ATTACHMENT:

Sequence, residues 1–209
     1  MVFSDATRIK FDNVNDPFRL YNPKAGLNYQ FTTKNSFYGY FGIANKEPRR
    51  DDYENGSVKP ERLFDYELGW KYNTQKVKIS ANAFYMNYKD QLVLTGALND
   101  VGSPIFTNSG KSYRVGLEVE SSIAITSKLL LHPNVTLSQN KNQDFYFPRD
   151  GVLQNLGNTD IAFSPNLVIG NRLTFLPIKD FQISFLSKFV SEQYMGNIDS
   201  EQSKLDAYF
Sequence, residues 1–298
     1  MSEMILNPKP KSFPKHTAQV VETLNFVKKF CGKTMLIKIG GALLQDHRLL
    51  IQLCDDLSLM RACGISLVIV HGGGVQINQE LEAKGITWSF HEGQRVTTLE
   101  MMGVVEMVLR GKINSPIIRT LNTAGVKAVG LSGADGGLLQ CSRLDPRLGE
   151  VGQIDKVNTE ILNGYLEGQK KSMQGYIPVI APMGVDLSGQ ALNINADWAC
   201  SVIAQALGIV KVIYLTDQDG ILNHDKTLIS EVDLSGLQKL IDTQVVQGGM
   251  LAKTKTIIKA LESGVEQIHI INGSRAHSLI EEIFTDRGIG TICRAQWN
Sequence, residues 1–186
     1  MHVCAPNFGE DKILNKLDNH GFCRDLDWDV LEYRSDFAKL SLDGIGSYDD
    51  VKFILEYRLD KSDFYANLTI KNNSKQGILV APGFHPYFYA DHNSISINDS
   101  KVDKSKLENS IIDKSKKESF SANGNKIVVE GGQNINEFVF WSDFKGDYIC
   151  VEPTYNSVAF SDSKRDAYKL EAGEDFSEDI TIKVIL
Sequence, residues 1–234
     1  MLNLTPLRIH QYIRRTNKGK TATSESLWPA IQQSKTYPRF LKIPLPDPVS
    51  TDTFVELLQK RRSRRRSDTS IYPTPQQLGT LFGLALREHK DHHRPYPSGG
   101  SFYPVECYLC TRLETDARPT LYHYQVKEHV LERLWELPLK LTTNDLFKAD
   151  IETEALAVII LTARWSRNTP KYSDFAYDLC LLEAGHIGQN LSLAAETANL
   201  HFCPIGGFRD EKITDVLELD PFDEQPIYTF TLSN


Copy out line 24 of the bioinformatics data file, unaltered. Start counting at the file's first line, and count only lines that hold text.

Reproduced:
   201  HFCPIGGFRD EKITDVLELD PFDEQPIYTF TLSN